while we were on a family ski vacation and had grown a fondness towards him. Eric had driven up to ski with us for a couple of days. On the first day we had some unbelievable ski conditions. Ethan has a great respect for experts, and Eric really showed his stuff as he shredded the mountain and showed me how old I was. The scary thing is Eric is older than me!
Across the street were two trucks with boats on trailers attached. The boats looked very familiar. They both had the recognizable Yobi Adventures Outfitter sticker on them. Anni’s is the boat I learned how to fish on and Eric’s was the new boat he bought this year that I was lucky enough to christen with him in March. That was a cold float. You know its cold when your fly rod is in the water more than in the air.
We divided up into the two trucks and off we went. I was fortunate enough to load into Eric’s car. I wanted to spend a little time with my buddy who opened the world of fly fishing to me and get a little caught up before the day began.
I wasn’t going to be fishing with him that day. We needed the fish whisperer for the boys. As we ran through the day, he caught on that I was a bit nervous. With a big smile he looked over at me and said “I got this
.” With that, we pulled up to the Madison River at Palisades, one of the more beautiful fishing access sites
on the Madison River
Our Day on the Water
We quickly unloaded from the trucks and immediately began getting setup. You could immediately see Eric orchestrating the show. He pulled the beginners aside, added a layer of clothing, setup their rods and took them over to a grassy area to work on beginner’s casting techniques. Alex and I started setting up our gear and loading the boat with Anni. Periodically I would gaze over to watch the maestro instructing the boys. It gave me flash backs to my first day with Eric. The fly rods were snapping back and forth like someone with a fly swatter. Oh my, lots of work is needed there! It is easy to forget how long it takes to cast well.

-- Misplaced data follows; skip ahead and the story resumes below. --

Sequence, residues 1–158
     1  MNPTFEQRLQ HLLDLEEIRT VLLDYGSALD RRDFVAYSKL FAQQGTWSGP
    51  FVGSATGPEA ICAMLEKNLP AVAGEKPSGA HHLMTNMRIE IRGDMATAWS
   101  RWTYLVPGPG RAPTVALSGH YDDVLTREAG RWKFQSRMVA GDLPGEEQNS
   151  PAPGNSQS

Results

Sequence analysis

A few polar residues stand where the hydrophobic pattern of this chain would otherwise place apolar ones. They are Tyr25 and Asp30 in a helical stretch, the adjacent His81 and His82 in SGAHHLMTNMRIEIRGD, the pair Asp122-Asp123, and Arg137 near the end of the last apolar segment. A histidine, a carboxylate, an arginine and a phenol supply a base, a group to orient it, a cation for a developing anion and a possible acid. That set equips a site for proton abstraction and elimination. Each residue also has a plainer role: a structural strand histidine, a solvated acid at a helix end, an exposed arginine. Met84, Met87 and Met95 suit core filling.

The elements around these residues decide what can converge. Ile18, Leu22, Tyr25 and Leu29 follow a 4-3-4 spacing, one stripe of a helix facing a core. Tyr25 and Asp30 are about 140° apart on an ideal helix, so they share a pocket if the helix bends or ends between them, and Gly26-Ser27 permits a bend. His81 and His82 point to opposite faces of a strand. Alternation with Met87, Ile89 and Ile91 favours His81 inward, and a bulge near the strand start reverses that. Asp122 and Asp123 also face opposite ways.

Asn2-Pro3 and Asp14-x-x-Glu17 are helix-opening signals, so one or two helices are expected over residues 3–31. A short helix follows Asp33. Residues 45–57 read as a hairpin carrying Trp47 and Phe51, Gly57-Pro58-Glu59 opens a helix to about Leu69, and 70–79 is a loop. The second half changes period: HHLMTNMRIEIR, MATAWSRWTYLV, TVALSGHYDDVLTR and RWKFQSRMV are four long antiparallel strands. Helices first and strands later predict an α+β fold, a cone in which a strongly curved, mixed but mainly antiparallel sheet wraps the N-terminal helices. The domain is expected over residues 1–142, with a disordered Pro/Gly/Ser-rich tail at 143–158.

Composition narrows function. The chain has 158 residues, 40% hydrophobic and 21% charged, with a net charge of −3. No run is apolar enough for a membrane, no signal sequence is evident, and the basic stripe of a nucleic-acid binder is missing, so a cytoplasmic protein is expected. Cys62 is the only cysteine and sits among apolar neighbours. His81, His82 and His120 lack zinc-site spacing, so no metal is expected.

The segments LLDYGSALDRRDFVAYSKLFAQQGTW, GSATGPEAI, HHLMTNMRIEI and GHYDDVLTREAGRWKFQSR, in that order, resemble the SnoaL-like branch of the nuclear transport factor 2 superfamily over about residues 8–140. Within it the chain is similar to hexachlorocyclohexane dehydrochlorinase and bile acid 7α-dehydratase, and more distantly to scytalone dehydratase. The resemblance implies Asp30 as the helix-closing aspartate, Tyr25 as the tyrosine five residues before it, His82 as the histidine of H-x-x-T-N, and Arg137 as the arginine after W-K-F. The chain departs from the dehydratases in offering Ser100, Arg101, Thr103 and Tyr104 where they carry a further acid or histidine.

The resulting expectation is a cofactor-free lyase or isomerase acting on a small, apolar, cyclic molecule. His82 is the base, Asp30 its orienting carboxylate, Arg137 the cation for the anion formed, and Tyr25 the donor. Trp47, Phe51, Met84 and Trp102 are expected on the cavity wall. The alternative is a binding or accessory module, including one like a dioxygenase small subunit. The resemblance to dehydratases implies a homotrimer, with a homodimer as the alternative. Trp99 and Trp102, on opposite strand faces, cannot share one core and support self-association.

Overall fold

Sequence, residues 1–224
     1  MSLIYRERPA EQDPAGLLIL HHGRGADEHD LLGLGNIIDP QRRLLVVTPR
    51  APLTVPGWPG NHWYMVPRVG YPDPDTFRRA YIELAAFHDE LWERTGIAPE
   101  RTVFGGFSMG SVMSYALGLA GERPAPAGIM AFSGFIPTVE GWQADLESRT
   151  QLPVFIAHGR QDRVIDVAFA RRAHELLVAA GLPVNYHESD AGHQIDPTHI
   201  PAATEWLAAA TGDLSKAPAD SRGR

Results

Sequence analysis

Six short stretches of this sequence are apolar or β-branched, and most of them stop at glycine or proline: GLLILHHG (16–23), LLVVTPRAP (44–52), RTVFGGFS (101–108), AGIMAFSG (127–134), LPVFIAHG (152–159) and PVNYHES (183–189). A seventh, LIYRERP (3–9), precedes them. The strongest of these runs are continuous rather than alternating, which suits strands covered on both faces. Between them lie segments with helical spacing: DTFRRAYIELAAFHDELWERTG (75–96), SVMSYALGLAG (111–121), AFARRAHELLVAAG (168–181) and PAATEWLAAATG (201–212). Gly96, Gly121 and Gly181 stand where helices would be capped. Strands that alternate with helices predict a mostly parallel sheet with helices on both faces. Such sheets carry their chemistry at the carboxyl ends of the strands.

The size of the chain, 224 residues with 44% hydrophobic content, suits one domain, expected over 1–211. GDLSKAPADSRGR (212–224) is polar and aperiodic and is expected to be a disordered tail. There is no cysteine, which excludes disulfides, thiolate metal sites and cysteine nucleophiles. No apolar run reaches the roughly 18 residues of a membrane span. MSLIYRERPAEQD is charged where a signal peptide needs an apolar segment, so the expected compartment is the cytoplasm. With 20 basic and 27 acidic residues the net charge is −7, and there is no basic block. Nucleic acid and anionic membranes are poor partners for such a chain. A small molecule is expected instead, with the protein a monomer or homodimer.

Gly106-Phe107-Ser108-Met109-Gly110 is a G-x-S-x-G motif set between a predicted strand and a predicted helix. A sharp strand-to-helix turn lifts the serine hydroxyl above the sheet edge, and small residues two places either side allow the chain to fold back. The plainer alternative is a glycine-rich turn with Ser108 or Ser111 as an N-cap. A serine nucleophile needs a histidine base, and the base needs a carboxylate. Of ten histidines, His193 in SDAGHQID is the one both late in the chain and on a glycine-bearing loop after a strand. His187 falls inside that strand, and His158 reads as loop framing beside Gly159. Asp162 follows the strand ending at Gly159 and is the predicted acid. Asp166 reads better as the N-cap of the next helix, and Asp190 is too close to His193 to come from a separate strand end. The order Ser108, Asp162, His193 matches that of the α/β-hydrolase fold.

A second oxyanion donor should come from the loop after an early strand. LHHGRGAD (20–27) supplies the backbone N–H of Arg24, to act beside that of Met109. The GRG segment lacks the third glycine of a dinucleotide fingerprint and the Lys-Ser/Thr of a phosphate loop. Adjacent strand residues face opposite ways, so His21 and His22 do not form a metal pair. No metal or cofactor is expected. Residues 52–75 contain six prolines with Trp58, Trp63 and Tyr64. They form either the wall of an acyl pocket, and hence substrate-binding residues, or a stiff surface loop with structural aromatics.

After about 15-20 minutes of instruction, we were ready and slipped both boats into the water. I looked down at my watch and it was about 8am. I began fishing the front of the boat with a Turd and Prince. Alex was fishing from the back of the boat with a Salmonfly. The beginner boat was setup with a single Turd each. They were rotating 2 rods in the water at a time with the boys switching off in the front. What a great idea. By putting the kids in front, Eric could watch and give them direction, and by rotating who is fishing, the kids could take turns and not get tired or bored.
Within the first few minutes, I had fish on. It was a white fish of decent size. On the Madison
, the white fish help with boat count but they are more of a nuisance. But to Ethan, he just saw his dad catch a fish and that got him excited.
Within the next hour, I was the only rod catching fish on either boat. The Salmonfly Alex was fishing clearly was not working and the kids were just ramping up. Alex finally switched over and put on the same flies as me and almost immediately started pulling them in too. The kids were amazed and we looked like super heroes.
Periodically, I would look over to see big smiles on their faces as they drifted down the river. Good, at least they were having fun. I pulled out my IPhone to capture some video of their big smiles. My line was in the water so I let it just drift as I started capturing some video of the kids. Bam! The video was cut short as I had a decent rainbow on the line with no tight lines. So lucky. I began stripping it in to the boat. “16” rainbow. “Not bad, for not paying attention,” I thought. I smiled at Alex and Anni and said “Don’t hate me for being lucky.”
While I was doing some housekeeping on the boat, I looked over and Ethan had a fish on his line. He was laser focused as he listened and did exactly what Eric told him. “Keep your tip up, tight line, strip, strip, strip.” That grin of his was ear to ear. He brought the rainbow to the boat and Eric netted it. You could see he was having a blast. “Daddy, I caught a fish!” he yelled out to me. What a thrill I felt at that moment as I realized he was experiencing the true joy of fishing, something that is more than scores or sizes, or winning – the basic animal instinct of hunting your prey, capturing it, and then releasing back to the wild.